A playful, insightful new work from Iran's most rebellious filmmaker.
December 31, 2015
It may sound like a cliché, describing a filmmaker as courageous. But when it comes to Jafar Panahi, it really is the only word that fits. For years, Panahi's films, including The Circle and Offside, drew the ire of censors in his native Iran for their frank depictions of the hardships felt by people, and particularly women, under the nation's conservative regime. This came to a head in 2010 when he was arrested on propaganda charges and later slapped with a 20 year ban from filmmaking – a ban he has been defying ever since.
Tehran Taxi, which won the top prize at the Berlin Film Festival back in February, is Panahi's third film to be made under these restrictions, following This Is Not A Film in 2011 and Closed Curtain in 2013. Those films were shot in secret in his apartment and beachside villa, respectively. This time he's a little bolder, shooting surreptitiously from the inside of a cab as he drives it around the city, capturing his conversations with various passengers – including a schoolteacher, a lawyer and a thief – with a small dashboard camera. Whether these characters are real people or actors (or a combination of both) is intentionally left unclear, as Panahi playfully blurs the line between documentary and fiction.
It's this playfulness and good humour that is key to the movie's success. In Panahi's previous two films, you can sense his frustration and feelings of helplessness – and given his situation, you can hardly hold that against him. They're fascinating works, and important, but more by virtue of their existence than their content. They feel like therapy, not films. Tehran Taxi, on the other hand, plays like a movie in its own right. Here, Panahi mixes the meta elements of his recent output with the shrewd social commentary of his pre-arrest work, all buoyed by a lightness and a cheekiness that makes it accessible to audiences far beyond the arthouse.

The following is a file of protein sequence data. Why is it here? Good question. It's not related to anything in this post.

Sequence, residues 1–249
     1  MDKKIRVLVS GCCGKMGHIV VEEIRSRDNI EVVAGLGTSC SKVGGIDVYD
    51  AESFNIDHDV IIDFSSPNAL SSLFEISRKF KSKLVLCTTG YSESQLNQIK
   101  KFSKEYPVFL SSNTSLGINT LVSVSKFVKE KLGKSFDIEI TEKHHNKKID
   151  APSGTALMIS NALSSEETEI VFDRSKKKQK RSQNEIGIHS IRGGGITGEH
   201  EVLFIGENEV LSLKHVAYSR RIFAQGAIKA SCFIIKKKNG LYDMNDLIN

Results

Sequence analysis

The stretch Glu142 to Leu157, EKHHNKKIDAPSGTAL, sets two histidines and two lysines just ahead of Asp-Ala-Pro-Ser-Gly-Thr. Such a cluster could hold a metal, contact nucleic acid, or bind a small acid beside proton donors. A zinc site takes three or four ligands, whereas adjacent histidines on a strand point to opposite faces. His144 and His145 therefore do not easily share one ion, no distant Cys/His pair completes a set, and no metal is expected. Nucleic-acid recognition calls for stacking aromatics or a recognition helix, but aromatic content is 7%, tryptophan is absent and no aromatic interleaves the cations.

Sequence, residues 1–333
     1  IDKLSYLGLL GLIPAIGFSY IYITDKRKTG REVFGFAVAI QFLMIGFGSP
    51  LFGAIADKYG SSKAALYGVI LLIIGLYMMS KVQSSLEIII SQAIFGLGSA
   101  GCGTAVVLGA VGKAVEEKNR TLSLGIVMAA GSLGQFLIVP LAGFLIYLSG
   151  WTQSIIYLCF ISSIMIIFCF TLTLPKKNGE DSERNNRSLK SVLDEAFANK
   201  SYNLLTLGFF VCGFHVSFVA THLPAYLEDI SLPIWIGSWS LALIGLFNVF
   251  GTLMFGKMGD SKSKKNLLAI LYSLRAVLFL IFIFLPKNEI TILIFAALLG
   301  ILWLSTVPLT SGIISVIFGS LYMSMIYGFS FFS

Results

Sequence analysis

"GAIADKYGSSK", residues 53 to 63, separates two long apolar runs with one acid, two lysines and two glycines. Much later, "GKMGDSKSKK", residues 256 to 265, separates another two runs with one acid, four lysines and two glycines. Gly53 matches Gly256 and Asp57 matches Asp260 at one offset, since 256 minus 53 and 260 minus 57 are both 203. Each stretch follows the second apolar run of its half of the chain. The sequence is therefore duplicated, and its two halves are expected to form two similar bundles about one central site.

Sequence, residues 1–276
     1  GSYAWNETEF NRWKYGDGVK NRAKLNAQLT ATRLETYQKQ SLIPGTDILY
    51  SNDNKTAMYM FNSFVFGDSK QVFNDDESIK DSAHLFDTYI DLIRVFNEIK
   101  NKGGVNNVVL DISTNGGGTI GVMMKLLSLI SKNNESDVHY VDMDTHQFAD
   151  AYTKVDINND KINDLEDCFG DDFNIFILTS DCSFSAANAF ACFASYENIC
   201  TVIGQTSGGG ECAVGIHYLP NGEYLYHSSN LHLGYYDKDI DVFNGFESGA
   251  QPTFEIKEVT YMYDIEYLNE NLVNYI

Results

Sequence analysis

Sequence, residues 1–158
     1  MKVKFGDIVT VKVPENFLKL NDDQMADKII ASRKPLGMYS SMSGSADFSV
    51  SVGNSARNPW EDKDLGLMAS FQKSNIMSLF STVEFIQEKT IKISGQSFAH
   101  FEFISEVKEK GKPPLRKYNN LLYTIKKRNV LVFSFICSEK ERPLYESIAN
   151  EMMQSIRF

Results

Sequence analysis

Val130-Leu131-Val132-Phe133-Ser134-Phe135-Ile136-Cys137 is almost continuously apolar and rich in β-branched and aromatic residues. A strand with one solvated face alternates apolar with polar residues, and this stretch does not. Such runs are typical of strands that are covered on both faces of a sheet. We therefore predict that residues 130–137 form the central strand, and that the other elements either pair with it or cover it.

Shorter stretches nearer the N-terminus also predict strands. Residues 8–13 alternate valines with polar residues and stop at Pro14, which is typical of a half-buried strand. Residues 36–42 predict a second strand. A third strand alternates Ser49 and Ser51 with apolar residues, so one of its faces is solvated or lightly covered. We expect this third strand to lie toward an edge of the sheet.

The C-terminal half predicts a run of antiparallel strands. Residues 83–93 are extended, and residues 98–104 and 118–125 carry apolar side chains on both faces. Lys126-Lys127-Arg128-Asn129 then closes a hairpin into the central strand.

Indeed, much of Tehran Taxi plays like a straightforward comedy. In one segment, a friendly vendor of pirated DVDs attempts to partner up with Panahi, reasoning that more people will buy his wares – including copies of Midnight in Paris and The Big Bang Theory – if he's working with a famous filmmaker. In another segment, Panahi must ferry two panicked, superstitious old women across town, so they might return their goldfish to a sacred spring in order to buy themselves another year of life. But the most delightful scenes belong to Panahi's young niece Hana, whose lively repartee with her uncle – after he picks her up an hour late from primary school – will leave you smiling from ear to ear.
Of course even beneath the humour, Panahi's rebellious spirit shines through. Hana, we soon learn, wants to make a film herself, but she's baffled by the instructions of her school teacher, who insists that movies mustn't discuss political or economic issues, and that the students should remove anything dark or unpleasant. "There are realities they don't want shown," explains her uncle. In another scene, they give a ride to a friend of Panahi's, human rights lawyer Nasrin Sotoudeh, who is on her way to visit the family of a woman who has been imprisoned for trying to sneak into a volleyball game.
Yet even the film's more more serious moments, or in its abrupt, unsettling ending, Tehran Taxi leaves viewers with a sense of hope. It's a film that throws the hypocrisy of oppressors back in their face, and does so with a wry sense of humour. We'll end this review with a quote from filmmaker Darren Aronofsky, who headed the Berlin Festival jury that awarded Panahi top honours. "Instead of allowing his spirit to be crushed and giving up, instead of allowing himself to be filled with anger and frustration, Jafar Panahi created a love letter to cinema. His film is filled with love for his art, his community, his country and his audience."
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